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UsbDP reaction to reverse polarity?


#1

I am sending some sensors into the woods, with some car-batteries as power-source. They provide 12V most of the time, and has shown to work alright. I am still struggling with getting solar panels and other power-sources to be controlled by the board, but that might be worked on with the tri-power module which is in the works.

Anyway, I am concerned that some people might accidentially switch the red and black wires for the batteries. Can anyone provide some firm answer as to what actually happens when this is done? I have heard about inserting a fuse, any ideas to do this?


#2

Personally, I’d not rely on R/B wire to be enough to protect it. So yes a fuse would be what you’d use to protect from overload, but to protect against reverse polarity you’d need to use a diode as well. Here’s a circuit I’ve found that has a portion of this.

http://www.solorb.com/elect/solarcirc/das1/index.html

You want to look at the 12v supply portion of the circuit (top right of circuit diagram), there’s a fuse F1, and diode D1 is protecting against reverse polarity (so if the battery positive is connected to the negative terminal, the diode will pass current and essentially becomes a short circuit, and the fuse will then blow). They also have a filter capacitor that is probably not needed in your case since you’ll use the DP to regulate the voltage.

I’d use an in-line fuse holder so you can replace the fuse, something like http://www.jaycar.com.au/productView.asp?ID=SZ2040 and have a hard wired connection from the alligator clips (or whatever you have on the battery side of things) through to the 2.1mm barrel connector at the DP module.

If you’re after some input on solar, I have been playing around with some low-price charge controllers, and I’ve had the best luck with this one http://www.ebay.com.au/itm/271202097479?ssPageName=STRK:MEWNX:IT&_trksid=p3984.m1439.l2649 and at the price, it’s ideal for my tinkering at home. It has a very low power consumption when not charging, it appears to be a true MPPT charger (meaning I get much better recharge in the day than a PWM controller that throws away power), and it’s frankly cheap enough that I could have a few on standby if they die. It’s winter here at the moment, so reduced sun hours, and I am currently running a 12V 6.5AH SLA on a 10w panel, with a Fez Domino powered by the output of the “load” terminals, and the battery has never got to a low voltage situation overnight where it’s turned off. Previously the PWM charge controller would run till about 11pm before shutting down - which I think was a function of high consumption within the controller as well as lower state-of-charge on the battery. I’ve also added a quick voltage divider to allow me to record the battery voltage over time, nothing of concern so far. I personally think this kind of arrangement (don’t try to control the solar charge, just use a commercial controller) is likely to give you the best outcome and least headaches.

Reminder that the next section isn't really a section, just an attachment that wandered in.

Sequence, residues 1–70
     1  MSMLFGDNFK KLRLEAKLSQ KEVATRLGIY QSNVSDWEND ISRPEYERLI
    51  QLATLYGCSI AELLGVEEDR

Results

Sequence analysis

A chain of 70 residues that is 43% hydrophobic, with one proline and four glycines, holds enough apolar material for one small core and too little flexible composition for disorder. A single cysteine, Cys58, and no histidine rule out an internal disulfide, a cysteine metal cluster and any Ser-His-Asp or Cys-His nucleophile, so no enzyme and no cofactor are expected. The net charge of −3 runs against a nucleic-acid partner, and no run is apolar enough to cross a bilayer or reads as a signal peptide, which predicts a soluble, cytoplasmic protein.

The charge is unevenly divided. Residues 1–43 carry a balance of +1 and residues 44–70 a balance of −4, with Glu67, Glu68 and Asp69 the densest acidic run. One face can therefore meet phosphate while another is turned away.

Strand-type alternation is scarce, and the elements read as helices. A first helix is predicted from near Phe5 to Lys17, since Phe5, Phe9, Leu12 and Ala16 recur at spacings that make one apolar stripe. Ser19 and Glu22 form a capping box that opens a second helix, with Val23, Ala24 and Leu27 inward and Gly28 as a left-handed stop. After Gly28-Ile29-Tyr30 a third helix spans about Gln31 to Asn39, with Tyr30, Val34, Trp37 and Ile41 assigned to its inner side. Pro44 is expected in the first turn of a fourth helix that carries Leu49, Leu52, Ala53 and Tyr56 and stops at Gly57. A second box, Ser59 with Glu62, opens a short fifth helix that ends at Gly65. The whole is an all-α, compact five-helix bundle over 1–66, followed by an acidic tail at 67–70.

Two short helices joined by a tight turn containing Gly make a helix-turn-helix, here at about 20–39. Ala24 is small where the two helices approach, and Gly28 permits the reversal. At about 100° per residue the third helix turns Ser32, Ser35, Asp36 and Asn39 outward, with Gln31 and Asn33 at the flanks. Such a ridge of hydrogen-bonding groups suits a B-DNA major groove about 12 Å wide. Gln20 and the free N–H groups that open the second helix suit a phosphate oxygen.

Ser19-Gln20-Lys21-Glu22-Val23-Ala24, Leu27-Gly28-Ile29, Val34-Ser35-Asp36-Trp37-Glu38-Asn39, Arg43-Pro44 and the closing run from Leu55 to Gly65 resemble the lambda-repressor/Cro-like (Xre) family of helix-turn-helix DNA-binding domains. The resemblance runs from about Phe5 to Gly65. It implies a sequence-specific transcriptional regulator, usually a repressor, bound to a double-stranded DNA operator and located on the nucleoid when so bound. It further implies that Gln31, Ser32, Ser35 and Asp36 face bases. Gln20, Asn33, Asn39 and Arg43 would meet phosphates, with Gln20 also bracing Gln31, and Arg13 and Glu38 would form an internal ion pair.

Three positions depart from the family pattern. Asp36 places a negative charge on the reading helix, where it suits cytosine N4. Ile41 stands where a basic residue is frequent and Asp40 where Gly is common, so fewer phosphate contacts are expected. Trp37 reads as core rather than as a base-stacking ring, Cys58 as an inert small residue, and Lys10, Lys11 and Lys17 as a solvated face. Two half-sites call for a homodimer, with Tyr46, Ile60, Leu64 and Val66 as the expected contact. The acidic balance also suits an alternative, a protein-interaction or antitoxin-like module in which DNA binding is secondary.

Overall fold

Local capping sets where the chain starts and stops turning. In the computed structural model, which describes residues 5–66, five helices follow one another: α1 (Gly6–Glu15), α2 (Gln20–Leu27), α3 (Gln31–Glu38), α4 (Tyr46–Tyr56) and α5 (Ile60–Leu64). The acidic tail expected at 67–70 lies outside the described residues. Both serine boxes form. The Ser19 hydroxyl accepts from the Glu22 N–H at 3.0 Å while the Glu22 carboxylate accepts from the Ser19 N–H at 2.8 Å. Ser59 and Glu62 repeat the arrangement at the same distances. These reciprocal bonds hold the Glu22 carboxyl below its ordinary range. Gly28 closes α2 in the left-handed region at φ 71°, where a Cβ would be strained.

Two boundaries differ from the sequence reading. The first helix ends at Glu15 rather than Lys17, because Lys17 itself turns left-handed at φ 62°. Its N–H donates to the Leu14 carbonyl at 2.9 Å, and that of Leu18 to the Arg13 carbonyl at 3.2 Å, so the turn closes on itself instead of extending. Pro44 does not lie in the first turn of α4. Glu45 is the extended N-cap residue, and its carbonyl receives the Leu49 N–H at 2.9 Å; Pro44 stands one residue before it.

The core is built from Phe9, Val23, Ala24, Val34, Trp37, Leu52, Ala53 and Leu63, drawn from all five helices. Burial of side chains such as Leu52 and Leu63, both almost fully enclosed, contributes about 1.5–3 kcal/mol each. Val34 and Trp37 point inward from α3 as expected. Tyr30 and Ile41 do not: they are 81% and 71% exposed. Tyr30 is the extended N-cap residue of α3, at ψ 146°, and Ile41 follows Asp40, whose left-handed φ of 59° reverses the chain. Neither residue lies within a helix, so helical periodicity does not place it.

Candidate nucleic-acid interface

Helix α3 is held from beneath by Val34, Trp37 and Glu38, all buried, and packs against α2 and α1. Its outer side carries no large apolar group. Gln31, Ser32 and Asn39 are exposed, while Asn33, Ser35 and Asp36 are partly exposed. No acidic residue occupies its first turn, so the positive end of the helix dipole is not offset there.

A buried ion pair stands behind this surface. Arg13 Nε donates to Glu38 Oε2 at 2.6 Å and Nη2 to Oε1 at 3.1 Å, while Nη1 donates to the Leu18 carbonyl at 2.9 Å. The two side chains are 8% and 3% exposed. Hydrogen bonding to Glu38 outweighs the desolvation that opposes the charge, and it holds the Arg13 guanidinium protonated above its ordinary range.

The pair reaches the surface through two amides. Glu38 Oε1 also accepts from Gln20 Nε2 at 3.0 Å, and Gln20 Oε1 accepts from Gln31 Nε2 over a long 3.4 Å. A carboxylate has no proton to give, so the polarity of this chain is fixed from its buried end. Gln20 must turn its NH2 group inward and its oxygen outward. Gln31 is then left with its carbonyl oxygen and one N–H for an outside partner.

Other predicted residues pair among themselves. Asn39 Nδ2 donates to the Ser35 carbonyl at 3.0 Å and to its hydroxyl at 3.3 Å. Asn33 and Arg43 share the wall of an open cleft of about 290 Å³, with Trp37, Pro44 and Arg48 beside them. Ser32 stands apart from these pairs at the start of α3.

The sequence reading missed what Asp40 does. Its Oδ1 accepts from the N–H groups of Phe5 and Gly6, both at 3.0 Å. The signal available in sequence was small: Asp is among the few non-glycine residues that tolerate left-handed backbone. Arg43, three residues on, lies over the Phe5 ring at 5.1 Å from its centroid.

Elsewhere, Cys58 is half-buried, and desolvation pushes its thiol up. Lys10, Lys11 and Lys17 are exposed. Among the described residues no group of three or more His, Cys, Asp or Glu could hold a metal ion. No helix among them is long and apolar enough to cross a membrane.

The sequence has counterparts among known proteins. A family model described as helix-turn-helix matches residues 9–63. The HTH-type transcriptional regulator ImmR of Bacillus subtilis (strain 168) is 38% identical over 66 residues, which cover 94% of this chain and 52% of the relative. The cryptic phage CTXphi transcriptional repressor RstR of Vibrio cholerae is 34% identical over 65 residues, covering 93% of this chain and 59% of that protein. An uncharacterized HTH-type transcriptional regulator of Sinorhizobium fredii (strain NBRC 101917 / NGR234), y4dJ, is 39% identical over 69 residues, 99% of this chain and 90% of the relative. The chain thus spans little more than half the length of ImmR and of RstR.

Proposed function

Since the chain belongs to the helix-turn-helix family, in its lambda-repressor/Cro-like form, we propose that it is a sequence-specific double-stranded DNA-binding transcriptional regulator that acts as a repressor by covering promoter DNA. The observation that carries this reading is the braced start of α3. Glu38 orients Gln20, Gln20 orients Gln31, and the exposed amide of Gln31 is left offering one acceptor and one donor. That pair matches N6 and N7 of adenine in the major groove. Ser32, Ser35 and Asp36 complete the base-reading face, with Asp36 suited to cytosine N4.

#3

you could also use a full wave rectifier and not worry about the polarity from the battery.


#4

The UsbDP has an input diode already so it protected. I agree with Mike that the use of a full wave rectifier and a fuse would be the best.


#5

This is my choice on all new designs in the last year. You never have to worry if they get it wrong. It just works and all for the cost of a suitable bridge rectifier. Cheaper than the support hassles and cost of a replacement board. Happy customer every time.

:slight_smile:


#6

That’s what I am going for, any specific model you can recommend?


#7

Depends on the total current of your boards. I normally use a 2A device such as this.

http://sg.element14.com/multicomp/kbp204g/bridge-rectifier-400v-2a-kbp/dp/1861415

Nice and cheap. :slight_smile:


#8

@ Brett - Thanks for your input to the solar-charging stuff, and thanks for the advice on the diode/fuse circuit.